I was undecided about writing this article.

One part of me didn’t want to recall some of the unpleasant moments associated with our recent encounter with Hurricane Barry. But on the other hand, the writer and observer within were compelling me to describe my impressions of the storm while the details were still vivid.

The latter rationale prevailed.

I’ve always been in awe of nature’s power. I’ve experienced an earthquake, a Saharan sandstorm and even a volcanic eruption in Guatemala. A tropical cyclone, though, is truly something to behold. The combination of wind, rain and the endless shrieking it all produces makes me feel puny, insignificant and, more often than not, totally mesmerized.

Like many others, we watched as the forecasters continuously confirmed that Barry would come ashore at or near Vermilion Bay. My better half and I stayed tuned to the local TV stations. We didn’t dare turn away, afraid we’d miss some crucial detail about its path. In the last three days before the storm’s landfall, our world constricted and revolved exclusively around the expected bad weather and our preparations for it.

Despite the meteorologists’ assurances, however, that Barry would not develop into “a major event,” we remained wary. After all, a beast is still a beast even though it might have a diminished bite.

As the hurricane approached, it came in mockingly. The day actually began calmly with an occasional patch of blue behind the scurrying clouds. But Barry was skilled in stealth and its only purpose was mischief. The sky darkened and turned into a sickly gray-colored mess while the wind picked up. The creature was laughing.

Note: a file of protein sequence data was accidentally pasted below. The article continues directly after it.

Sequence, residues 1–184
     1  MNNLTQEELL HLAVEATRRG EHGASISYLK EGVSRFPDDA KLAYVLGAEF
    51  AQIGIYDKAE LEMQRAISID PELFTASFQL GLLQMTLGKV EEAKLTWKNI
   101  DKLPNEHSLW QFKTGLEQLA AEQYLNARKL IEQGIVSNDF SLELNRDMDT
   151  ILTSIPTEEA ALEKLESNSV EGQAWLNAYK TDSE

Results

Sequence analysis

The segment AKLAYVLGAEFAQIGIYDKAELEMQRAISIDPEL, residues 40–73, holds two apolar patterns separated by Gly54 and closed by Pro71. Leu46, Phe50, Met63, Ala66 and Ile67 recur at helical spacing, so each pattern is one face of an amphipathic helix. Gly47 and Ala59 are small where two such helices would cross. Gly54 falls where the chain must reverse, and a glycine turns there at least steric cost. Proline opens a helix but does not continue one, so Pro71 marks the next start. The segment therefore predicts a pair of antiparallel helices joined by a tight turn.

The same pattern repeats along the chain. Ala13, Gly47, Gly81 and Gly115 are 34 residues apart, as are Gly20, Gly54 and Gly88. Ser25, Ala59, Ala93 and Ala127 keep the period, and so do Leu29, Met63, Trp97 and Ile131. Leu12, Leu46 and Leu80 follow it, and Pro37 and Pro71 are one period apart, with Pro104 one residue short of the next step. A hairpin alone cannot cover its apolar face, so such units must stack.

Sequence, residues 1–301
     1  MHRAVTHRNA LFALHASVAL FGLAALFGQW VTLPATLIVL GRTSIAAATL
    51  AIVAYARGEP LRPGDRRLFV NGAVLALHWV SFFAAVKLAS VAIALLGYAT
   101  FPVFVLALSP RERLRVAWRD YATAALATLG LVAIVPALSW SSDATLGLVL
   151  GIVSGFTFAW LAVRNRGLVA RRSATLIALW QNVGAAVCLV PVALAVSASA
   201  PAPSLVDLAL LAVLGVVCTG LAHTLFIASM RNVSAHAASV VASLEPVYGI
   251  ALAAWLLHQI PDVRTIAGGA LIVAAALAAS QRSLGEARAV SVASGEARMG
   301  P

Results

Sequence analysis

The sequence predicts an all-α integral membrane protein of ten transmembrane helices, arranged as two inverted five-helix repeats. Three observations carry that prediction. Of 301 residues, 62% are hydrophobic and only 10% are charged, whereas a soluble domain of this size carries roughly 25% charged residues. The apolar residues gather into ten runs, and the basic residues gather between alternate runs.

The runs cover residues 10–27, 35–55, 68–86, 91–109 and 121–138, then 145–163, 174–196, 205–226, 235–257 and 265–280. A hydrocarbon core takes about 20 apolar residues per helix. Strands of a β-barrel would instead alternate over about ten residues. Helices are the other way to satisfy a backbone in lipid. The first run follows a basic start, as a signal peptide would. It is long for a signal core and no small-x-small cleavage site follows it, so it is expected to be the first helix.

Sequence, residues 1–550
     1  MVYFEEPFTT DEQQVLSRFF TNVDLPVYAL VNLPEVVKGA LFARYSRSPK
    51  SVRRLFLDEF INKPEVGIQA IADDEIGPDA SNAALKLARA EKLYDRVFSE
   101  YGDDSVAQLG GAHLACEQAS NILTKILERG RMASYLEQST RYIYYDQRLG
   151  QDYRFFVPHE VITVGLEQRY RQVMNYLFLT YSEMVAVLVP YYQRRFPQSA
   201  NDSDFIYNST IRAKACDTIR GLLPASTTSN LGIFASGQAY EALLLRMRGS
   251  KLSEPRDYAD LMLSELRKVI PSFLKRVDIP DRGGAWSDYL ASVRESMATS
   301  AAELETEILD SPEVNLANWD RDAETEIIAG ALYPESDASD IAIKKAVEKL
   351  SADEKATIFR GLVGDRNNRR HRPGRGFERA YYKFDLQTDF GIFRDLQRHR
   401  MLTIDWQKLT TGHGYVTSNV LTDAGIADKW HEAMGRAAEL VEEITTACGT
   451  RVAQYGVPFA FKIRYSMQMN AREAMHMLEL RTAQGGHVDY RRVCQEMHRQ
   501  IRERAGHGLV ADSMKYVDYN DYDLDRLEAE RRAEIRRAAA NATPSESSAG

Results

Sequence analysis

L. and I decided to stay on our back porch and watch the show. She had a Dr. Pepper while I enjoyed something more potent. Outside, the performance was underway. We had front row seats and had no intention of giving them up. Strong gusts now joined the commotion, each one sending malicious emails throughout south Louisiana that more mayhem was on the way.

That Friday night we slept fitfully while the devil danced above us. His evil jig was actually the discordant clatter created by countless broken limbs and branches striking the metal roof.

The next day nature’s melodrama intensified but with the additional torture of a seemingly endless deluge. Driven by the wind, the rain at times seemed to fly horizontally defying every physical law. It became an army of stinging pellets seeking less hardy targets — bushes, trees or flowers — in order to inflict harm. The exhausted vegetation sagged under the weight of the downpour. Our yard became a reservoir.

After another sleepless night I sat on the back steps for most of that Sunday. An old oak tree next door groaned as Barry’s wind mercilessly twisted its arthritic limbs. But I noticed that the tempest was now beginning to lose some of its punch.

Then a momentous image appeared.

As the wind and rain subsided later that day, my neighbor came out and started picking up the debris left by the storm’s tantrum. He worked slowly but purposefully. And his example prompted me to do the same on our side.

Barry had gone from menace to memory.

O.J. GONZALEZ is a native and resident of Jeanerette. He graduated from USL in printmaking and photography and his photographs have appeared in publications in Louisiana, Alaska, Canada, New Zealand and England.

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